The improbable Trump presidential win has led to the most obvious of questions, which is – what can Trump do for the economy?
To answer that, let’s take a look at what’s left of the economy after 8 years of Barry’s version of “economics”, which seemed to largely consist of increased federal spending (to new record levels), massive increases in the regulatory state, and condemnation of those who pay over half the income taxes the federal gov’t seems to so happily gobble up.
It turns out that federal spending and the growth of the federal government does not increase GDP, even when federal outlays are a component of the GDP metric. The spike in spending in 2008 (these are YOY percentage changes) and again in 2010 reinforce that conclusion – even if you assumed a causal relationship between spending in 2008 and the return from negative GDP in 2008/2009/2010, that conclusion becomes demonstrably false after 2010’s spending, which almost matches 2008, and GDP for that year is flat and decreases afterwards.
There’s virtually zero correlation to federal spending and economic growth, especially in this “recovery” as it pertains to job growth. As an example, let’s look at YOY job growth by job category, October 2015 to October 2016 (from our friends at BLS.gov):
Health care and social assistance are largely funded by tax dollars – Medicare and Medicaid are an enormous component all health care spending, so the jobs “created” in health care, are, in part, funded by taxes. Pensions, in the category below, includes Social Security, disability insurance, workers compensation, etc. Health care in the category below, includes Medicaid, Medicare, and everything in between. Over half the 2016 federal budget – $3.854 trillion – is consumed in these two categories.
So while federal spending in the largest job-creating categories means that, well, we’re borrowing 40% or so of every dollar spent to create jobs in areas that are already funded by tax dollars, means we’re chasing a negative feedback loop if we think federal spending can simply fund an infinite amount of jobs, and/or increase incomes.
In fact, if you take a look at federal expenditures and median household incomes, there’s almost an inverse impact on incomes – federal spending goes up and median household incomes stay the same, or actually decrease. When spending goes down, in 2013-2014, incomes actually go up. Which should tell you all you need to know about using federal spending to increase incomes.
So, despite 8 years of the 2009 Recovery Summer, what were Obama’s results after assuring us that we needed to spend trillions we didn’t have, else the economy would crash? A fairly wrecked economy that’s stumbled forward for 8 years – 8 years! – with incomes staying fairly flat, and frequently dipping into negative growth rates.
As Fortune points out in a recent article, it can be argued that for the first time in modern history, there has been no economy recovery. At least according a Gallup study (linked from the Fortune article), titled “An Analysis of Long-Term US Productivity Decline“:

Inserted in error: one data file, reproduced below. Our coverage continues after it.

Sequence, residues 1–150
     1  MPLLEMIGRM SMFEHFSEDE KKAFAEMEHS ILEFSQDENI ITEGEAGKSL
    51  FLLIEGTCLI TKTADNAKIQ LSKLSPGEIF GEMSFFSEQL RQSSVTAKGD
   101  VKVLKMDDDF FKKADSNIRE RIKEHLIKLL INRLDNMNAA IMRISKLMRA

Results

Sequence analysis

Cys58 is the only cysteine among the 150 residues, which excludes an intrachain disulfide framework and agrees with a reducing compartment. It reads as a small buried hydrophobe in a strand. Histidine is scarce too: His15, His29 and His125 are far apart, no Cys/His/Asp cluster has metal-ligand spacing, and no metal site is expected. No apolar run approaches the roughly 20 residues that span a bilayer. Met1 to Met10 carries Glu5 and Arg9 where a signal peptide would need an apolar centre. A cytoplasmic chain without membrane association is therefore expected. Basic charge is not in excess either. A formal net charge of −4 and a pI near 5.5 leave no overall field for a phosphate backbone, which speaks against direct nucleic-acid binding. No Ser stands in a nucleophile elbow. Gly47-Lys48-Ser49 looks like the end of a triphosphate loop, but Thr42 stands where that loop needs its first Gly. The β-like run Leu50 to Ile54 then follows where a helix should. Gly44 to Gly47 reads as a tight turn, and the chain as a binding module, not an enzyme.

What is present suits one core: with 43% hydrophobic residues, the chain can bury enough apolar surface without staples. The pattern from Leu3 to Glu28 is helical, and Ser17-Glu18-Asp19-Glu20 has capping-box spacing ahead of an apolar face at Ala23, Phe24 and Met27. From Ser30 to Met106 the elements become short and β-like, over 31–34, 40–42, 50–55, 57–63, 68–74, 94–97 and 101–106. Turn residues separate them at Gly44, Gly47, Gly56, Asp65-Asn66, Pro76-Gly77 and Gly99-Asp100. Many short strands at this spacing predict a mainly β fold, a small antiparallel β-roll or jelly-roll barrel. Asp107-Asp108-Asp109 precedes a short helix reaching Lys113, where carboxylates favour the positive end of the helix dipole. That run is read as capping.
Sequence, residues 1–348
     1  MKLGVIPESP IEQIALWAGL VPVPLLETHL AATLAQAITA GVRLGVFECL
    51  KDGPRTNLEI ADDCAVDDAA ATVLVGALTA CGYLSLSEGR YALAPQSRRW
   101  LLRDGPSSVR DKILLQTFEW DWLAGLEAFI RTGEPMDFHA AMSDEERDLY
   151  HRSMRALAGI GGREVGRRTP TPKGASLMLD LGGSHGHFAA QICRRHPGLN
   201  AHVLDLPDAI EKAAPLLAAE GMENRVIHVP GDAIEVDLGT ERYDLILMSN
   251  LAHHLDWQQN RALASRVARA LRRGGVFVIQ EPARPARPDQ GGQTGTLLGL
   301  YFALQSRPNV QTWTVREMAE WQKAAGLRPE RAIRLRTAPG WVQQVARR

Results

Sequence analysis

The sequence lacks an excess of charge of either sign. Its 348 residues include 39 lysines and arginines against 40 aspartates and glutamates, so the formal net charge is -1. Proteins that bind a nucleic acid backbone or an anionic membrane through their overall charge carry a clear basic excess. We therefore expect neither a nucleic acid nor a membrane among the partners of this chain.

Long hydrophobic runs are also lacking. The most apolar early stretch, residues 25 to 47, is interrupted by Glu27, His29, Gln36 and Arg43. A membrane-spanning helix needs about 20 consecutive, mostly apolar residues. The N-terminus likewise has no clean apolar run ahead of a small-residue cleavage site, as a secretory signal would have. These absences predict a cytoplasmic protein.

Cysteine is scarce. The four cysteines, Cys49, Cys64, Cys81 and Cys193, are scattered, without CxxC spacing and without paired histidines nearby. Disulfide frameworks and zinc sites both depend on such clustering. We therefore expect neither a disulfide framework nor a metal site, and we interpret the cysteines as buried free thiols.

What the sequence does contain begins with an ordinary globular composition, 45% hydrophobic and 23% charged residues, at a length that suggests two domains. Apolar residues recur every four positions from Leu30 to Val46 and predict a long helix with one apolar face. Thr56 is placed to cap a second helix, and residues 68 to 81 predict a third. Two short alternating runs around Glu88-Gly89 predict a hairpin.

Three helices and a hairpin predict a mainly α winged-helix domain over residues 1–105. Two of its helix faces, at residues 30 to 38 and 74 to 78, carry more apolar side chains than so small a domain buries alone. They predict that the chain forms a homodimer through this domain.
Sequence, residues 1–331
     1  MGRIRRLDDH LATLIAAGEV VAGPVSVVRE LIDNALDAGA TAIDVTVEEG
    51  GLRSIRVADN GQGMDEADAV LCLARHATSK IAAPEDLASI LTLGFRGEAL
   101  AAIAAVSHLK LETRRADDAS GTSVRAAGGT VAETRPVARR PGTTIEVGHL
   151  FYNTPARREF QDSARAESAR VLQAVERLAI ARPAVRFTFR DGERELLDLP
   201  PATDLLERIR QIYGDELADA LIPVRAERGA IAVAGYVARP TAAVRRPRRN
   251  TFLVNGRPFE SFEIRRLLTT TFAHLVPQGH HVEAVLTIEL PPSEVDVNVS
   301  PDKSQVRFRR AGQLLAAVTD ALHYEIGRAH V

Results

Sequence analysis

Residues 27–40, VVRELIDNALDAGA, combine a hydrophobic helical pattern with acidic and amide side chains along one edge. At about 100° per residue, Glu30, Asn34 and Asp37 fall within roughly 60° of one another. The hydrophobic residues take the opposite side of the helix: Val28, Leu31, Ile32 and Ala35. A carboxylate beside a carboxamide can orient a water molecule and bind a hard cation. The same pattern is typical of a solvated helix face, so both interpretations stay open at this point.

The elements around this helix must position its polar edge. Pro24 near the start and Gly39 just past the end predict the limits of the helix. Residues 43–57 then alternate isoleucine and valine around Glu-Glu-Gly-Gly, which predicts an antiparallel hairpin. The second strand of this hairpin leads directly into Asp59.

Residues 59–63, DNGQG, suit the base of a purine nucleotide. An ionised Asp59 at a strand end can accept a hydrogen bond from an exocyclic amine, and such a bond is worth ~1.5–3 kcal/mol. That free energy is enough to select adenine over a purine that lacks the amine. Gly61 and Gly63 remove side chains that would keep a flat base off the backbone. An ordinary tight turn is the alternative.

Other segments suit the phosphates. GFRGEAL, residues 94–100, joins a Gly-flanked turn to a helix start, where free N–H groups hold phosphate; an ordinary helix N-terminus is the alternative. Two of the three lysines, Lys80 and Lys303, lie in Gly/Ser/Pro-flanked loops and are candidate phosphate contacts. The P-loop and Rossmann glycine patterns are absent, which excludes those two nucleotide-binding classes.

Rothwell (the study’s author – ed.) goes on to argue that regulatory and tax reform is the main culprit for America’s economic woes, and that the healthcare, housing, and education industries have been particularly harmed by the government. He points to statistics showing that despite rapidly rising costs in all three of these industries, the quality of the products and services offered has stagnated.
Growth in government spending just exacerbates the negative trends. As an example, new firms per capita are half of what they were in 1981 – and new firms, and new jobs, are the engines that drive future business growth. From page 73 of the study:
ENTREPRENEURIAL ACTIVITY HAS DECLINED
The escalating cost of healthcare may also have implications for the creation of new firms or startups. There is always an element of risk in creating a new business, but the rising costs of healthcare magnify that risk. In previous decades, an employed worker could quit his or her job and pay for healthcare expenses out-of-pocket if necessary. Now, out-of-pocket expenses for the non-insured are extremely high, so an employed worker who quits to start a business likely gives up a valuable healthcare plan and may have to impose those costs on his or her own fledgling business at a time when revenue is dangerously low. Provisions in the Affordable Care Act were designed to make it easier for the self-employed to purchase health insurance, but even in 2014, 23% of self-employed workers between the ages of 18 and 64 lacked health insurance, compared with 13% of wage and salary workers. For those who are self-employed and have insurance, only about half get it through their businesses.93 Whatever the reasons, people are much less likely to either be self employed or start firms with at least one employee. The number of new firms with at least one worker per capita has fallen by about half since the late 1970s. Although the downward trend has been going on for decades, it accelerated over the Great Recession and has not inched back up.
If the United States is to recover from Obama’s Recovery Decade ™, a good place to start would be the dismantling of federal spending on a permanent basis, and a re-set in Congress in terms of what it can and should be doing to foster economic growth. Instead of a decade of piling on regulations and costs in a recession, maybe it could start lifting those weights off of businesses’ backs, and see what happens.
Because whatever Obama’s been trying for 8 years is a perfect recipe for keeping the economy, and the people who do all the work in it, permanently in the ditch.